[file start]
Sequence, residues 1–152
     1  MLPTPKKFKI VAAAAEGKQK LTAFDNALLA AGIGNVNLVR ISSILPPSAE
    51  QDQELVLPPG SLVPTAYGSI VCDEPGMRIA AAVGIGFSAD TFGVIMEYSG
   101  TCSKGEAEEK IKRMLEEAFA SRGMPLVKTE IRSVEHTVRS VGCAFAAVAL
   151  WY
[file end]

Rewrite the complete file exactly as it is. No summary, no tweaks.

Sequence, residues 1–152
     1  MLPTPKKFKI VAAAAEGKQK LTAFDNALLA AGIGNVNLVR ISSILPPSAE
    51  QDQELVLPPG SLVPTAYGSI VCDEPGMRIA AAVGIGFSAD TFGVIMEYSG
   101  TCSKGEAEEK IKRMLEEAFA SRGMPLVKTE IRSVEHTVRS VGCAFAAVAL
   151  WY